Brig. Gen. Thomas Bussiere, 509th Bomb Wing commander, presents a shadow box to retired Chief Master Sgt. Charles Sibert, at Whiteman Air Force Base, Mo. Sibert was held in a prisoner of war camp during World War II for more than 500 days. Right, after he returned to the U.S., Sibert sent his then-girlfriend, Julie, a telegram: 'I'm ready to get married. How about you?' (Staff Sgt. Nick Wilson/Air Force)
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Brig. Gen. Thomas Bussiere, 509th Bomb Wing commander, presents a shadow box to retired Chief Master Sgt. Charles Sibert, at Whiteman Air Force Base, Mo. Sibert was held in a prisoner of war camp during World War II for more than 500 days. Right, after he returned to the U.S., Sibert sent his then-girlfriend, Julie, a telegram: 'I'm ready to get married. How about you?' (Photo courtesy of the Sibert family)
Retired Chief Master Sgt. Charlie Sibert thought he’d been summoned to Whiteman Air Force Base, Mo., late last month to tell his story again.
Nearly five months earlier, he was the guest of honor at the base’s annual day of remembrance for prisoners of war and those missing in action.
That’s when Sibert first regaled Whiteman’s commander and top enlisted leader with stories of the 548 days he spent as a POW in World War II. Sibert, 89, showed Brig. Gen. Thomas Bussiere and Chief Master Sgt. Lee Barr his decades-old discharge papers. He also mentioned he’d never received his medals.
Bussiere and Barr told Sibert they’d take care of that.
On Jan. 24, they invited him back to Whiteman — not to share his war stories but to present him with the medals in a surprise ceremony.
Sibert didn’t talk about his wartime experiences until about a decade ago, said his granddaughter, Tech. Sgt. Kimberly Stone, 442nd Maintenance Group training manager at Whiteman.
When Stone returned home to Missouri after basic training, Sibert asked her to don her dress blues and accompany him to a local play about a POW camp. On the drive home, Sibert compared the production to his own experiences in Nazi Germany so many years before.
He’d enlisted in the Army Air Corps days before his 19th birthday in November 1942. While he was in basic training in Florida, Sibert saw a notice on a bulletin board for aerial gunners and volunteered.
He was taken prisoner less than a year later, on Oct. 14, 1943, when his B-17 was shot down over Germany. It was Sibert’s second mission.
In the car with his granddaughter 60 years later, Sibert told Stone how the German fighter dipped its wing at him — rather than take him out — as he parachuted out of the doomed bomber. He told her about the lice, the rotten rutabaga soup and the rare Red Cross package that made its way to the prisoners. He told her how they’d listened to war news on a radio pieced together with stolen parts and how they’d tried, unsuccessfully, to tunnel out of the camp. And he told Stone how he’d sent a telegram to his sweetheart after his return to the U.S. in 1945: “I’m ready to get married,” it said. “How about you?”
Charlie and Julie Sibert have been together ever since.
Sibert retired from the military in 1964 after 21 years of service; he went to work for the U.S. Postal Service for another 16 years before a heart attack sent him into permanent retirement.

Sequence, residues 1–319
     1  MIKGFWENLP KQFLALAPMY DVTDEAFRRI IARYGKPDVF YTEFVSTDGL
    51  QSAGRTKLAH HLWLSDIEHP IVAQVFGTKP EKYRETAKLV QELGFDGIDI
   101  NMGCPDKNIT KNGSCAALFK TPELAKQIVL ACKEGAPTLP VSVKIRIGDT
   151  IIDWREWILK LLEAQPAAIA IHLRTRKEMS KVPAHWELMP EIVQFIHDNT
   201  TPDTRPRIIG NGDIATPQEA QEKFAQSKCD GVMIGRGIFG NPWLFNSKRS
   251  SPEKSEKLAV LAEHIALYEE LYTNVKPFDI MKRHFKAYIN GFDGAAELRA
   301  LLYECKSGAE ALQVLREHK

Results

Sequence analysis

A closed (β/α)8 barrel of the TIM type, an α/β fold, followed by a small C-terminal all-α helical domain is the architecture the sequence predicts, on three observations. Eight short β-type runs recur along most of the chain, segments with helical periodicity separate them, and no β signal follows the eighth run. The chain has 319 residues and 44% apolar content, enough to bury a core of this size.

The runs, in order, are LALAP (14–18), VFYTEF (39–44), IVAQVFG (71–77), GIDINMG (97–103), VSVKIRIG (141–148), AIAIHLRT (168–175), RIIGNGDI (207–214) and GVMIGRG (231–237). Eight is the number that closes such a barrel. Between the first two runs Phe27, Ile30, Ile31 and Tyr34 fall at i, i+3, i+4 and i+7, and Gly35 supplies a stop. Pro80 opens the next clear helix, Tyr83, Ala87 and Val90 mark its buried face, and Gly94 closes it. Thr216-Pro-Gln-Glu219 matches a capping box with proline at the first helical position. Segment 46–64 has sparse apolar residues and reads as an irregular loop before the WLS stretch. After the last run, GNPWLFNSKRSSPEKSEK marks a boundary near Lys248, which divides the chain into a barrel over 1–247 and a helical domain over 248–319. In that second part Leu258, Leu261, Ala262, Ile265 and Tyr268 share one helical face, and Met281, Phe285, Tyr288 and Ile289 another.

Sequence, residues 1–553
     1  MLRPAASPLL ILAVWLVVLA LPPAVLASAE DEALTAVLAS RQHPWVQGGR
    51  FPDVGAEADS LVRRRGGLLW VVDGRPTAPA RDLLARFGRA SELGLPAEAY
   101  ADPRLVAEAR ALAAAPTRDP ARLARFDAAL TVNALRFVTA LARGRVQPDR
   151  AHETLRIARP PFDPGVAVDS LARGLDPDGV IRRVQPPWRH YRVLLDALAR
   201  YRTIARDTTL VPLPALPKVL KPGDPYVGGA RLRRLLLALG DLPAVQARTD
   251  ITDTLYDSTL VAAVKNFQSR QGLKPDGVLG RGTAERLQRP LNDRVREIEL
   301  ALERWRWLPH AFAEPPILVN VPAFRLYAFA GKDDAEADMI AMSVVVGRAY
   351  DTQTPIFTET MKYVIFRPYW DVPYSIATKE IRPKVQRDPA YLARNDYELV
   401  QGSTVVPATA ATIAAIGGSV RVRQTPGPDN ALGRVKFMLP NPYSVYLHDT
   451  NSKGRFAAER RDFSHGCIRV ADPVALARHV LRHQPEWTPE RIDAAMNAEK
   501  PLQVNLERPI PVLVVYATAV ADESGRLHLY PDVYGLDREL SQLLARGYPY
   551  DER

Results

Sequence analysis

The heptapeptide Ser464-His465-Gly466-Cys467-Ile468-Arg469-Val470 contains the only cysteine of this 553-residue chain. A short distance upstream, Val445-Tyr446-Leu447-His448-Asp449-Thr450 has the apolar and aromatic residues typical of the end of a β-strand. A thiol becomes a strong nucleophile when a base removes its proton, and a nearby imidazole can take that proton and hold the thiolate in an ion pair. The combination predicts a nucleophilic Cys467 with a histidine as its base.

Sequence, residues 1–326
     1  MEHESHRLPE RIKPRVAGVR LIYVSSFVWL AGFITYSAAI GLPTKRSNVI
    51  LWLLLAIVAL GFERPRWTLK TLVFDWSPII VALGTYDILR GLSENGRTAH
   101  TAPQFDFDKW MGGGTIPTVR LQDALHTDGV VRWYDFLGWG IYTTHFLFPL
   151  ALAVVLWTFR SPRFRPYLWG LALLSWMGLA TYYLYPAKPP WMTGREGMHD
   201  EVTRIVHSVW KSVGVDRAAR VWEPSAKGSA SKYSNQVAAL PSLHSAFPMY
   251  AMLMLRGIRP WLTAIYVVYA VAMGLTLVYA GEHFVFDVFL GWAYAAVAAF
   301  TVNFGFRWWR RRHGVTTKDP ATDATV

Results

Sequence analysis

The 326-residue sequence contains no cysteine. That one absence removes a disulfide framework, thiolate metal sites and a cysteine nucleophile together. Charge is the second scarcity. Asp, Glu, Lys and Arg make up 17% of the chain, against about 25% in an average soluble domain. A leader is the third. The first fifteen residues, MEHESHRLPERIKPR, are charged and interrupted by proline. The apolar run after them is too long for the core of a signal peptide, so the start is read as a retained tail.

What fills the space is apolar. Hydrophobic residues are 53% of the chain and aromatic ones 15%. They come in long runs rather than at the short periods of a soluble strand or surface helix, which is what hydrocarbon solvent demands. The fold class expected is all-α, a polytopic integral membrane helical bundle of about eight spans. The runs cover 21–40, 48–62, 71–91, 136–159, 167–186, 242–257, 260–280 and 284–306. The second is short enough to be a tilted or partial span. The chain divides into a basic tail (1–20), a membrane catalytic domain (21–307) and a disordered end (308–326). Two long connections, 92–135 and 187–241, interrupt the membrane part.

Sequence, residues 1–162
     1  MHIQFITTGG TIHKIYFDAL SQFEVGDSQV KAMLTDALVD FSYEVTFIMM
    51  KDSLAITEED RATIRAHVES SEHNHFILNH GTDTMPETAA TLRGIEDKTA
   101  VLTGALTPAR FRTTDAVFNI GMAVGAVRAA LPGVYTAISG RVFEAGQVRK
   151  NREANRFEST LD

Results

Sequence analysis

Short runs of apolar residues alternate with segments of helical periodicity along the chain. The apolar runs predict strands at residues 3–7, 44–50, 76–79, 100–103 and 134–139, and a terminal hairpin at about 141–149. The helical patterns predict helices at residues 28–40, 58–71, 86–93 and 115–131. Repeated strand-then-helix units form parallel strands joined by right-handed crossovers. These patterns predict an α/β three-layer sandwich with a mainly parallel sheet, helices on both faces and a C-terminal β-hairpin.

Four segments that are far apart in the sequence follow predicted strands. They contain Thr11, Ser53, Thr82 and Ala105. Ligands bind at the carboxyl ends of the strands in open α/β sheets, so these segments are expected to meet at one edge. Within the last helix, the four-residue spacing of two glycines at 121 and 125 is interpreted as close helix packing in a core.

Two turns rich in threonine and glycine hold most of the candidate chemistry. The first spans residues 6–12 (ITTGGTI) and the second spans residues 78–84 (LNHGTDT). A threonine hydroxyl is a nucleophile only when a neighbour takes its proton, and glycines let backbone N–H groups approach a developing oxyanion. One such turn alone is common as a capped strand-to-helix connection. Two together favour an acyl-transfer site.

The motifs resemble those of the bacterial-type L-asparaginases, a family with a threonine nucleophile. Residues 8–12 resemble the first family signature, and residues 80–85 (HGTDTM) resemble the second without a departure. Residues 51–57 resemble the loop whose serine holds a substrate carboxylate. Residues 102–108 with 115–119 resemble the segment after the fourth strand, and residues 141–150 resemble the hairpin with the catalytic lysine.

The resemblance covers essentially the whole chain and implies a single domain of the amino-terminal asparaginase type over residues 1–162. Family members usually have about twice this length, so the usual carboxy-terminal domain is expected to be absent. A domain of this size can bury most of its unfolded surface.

Sibert was proud when his granddaughter followed his path into the Air Force, and he made the trip to San Antonio to attend Stone’s graduation from basic training. But Stone only ever knew Sibert as an easygoing retiree and doting grandfather who took her on vacations in summer — until that play.
“Then I got it. I understood why he was the way he was, why he’s so bullheaded and opinionated. He fought so hard for his country. He fought for that,” Stone said.
On Sept. 4, Sibert showed up for the day of remembrance in a bright blue baseball cap with “Ex-POW” stitched on it.
Airmen would take turns walking or running for 24 hours in honor of service members like Sibert.
When Sibert said he hadn’t received his medals, “it didn’t seem right to walk away from that,” Barr said. “I just felt really strongly we needed to do something for him. That’s the least we can do. Here is a living, breathing piece of history walking before us. We needed to do the best we could for him.”
The medals came packaged in Styrofoam, Barr said. He couldn’t imagine handing them over like that. So Whiteman’s leaders had a shadow box created for Sibert with a flag, his medals and an inscription of the circumstances of his time as a prisoner of war.
Among the more than dozen medals: the POW Medal, the Victory Medal, the State of Missouri Medal, the European Theater of Operations Medal, the European-African-Middle Eastern Campaign Medal and the Korean Service Medal.
Whiteman officials invited him back, presumably so Bussiere could meet with Sibert again before the commander left for his next assignment.
He arrived to a room full of chief master sergeants — the same rank as Sibert — and the former and present commanders of 8th Air Force. Stone was there, and so were three of Sibert’s four children.
When Bussiere gave him the shadow box a few minutes later, Stone said, Sibert grew emotional.
“He’s a very humble person,” Stone said. “He doesn’t want recognition. The chief and the general made him feel like a hero that day.”
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